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The real beauty of the Avid mounting system is that a slight missalignment of the mounting bracket can be easily compensated for without refacing. There is nothing easier to set up.
I agree. Its slick. But, I have heard some people here say that their brackets were enough out of line that refacing was needed.

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Old 01-30-09, 02:38 PM   #6
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Which model year of bb7? IIRC, older models had one pad stationary and one pad moved. Recent models have both pads move, and each model has a slightly different install technique.
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Old 01-31-09, 09:03 AM   #7
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I had this problem when I was first attempting to adjust mine as well. It seemed like I had to back the pads off quite a bit more than Avid's instructions claimed.

First, after you adjust the pads out, give the brake lever a couple of good squeezes to set the pads in place. I found that while the pads would sometimes rub right after an adjustment, actuating the brakes a few times would alleviate some of the rotor rub.

Second, and I'm not sure why it worked out this way, but I had an issue with a bad vibration using the BB7's on a cyclocross frame with a carbon fork. I resolved the vibration by increasing the torque on the rotor bolts. I also readjusted my caliper at the same time and found that with the higher torque, I only had to back off the outside pad by the recommended 3 clicks to get clearance whereas before it was more like 6 clicks. Now, obviously this could have had something to do with my previous set up not being perfect too but it sure seemed like a strange coincidence.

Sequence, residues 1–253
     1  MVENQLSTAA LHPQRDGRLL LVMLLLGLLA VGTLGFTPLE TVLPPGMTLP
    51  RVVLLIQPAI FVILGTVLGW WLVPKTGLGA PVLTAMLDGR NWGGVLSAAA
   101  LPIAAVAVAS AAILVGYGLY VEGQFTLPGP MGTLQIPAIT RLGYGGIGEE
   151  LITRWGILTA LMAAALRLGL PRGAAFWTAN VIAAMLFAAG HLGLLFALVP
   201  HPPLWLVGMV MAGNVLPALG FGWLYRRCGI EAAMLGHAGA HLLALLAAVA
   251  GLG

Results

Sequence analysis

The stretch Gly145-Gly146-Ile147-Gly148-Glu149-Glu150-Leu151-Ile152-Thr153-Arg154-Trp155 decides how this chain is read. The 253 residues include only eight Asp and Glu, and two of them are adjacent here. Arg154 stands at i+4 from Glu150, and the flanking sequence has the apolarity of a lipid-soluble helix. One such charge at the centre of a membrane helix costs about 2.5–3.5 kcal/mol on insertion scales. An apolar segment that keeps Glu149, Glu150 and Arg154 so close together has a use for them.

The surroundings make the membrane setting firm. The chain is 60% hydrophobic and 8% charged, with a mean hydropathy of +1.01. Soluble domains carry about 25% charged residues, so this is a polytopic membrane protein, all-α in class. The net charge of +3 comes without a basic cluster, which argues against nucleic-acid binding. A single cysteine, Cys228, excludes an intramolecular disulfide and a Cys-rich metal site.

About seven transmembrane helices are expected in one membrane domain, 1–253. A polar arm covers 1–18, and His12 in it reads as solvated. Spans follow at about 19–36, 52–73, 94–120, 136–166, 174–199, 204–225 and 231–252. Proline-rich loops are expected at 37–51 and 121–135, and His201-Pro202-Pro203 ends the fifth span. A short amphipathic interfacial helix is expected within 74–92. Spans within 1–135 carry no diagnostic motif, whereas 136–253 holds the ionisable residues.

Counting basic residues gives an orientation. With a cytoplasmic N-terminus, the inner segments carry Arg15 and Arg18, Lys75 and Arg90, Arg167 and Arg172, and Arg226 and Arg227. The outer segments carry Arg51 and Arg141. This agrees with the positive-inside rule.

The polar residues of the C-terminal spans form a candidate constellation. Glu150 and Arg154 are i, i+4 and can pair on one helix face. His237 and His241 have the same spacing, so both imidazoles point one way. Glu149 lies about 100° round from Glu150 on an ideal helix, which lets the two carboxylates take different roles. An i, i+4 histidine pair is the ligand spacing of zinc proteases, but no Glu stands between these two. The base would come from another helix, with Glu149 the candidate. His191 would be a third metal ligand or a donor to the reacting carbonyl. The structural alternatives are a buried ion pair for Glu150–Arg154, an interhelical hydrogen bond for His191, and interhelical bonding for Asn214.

BTW, if you search for my thread about the rotor torque and vibration issue, you'll find that Avid stands by their recommendation etched into the rotor (6.2 N*m) even though the manual says 9-10 N*m. They claim the manual torque is a misprint but I had the vibration using 6.2 and didn't after upping it to 9.5. YMMV.
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Old 01-31-09, 02:29 PM   #8
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Which model year of bb7? IIRC, older models had one pad stationary and one pad moved. Recent models have both pads move, and each model has a slightly different install technique.
Not sure what you're thinking about but the BB7 (formerly BBDB) is virtually the same since inception, still one stationary and one moving pad. I'd have to compare setup instructions side by side but can't think of a difference off the top of my head (well, other than the old version used magnets instead of a spring to retain pads). I've been using them since they came out, have both old and new models.

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BTW, if you search for my thread about the rotor torque and vibration issue, you'll find that Avid stands by their recommendation etched into the rotor (6.2 N*m) even though the manual says 9-10 N*m. They claim the manual torque is a misprint but I had the vibration using 6.2 and didn't after upping it to 9.5. YMMV.
I doubt increasing torque on such small screws is a good idea in any case, the lower torque is sufficient and breaking off the head of a screw in your hub might not be any fun. I hadn't noticed the misprint on the current manual on their site, though (and it's there right now, just had a peek). Harmonic vibrations happen with rim brakes on some bikes, too FWIW; I'd guess it had more to do with readjusting your caliper (but I haven't looked at your other thread either for more details).
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Old 01-31-09, 02:50 PM   #9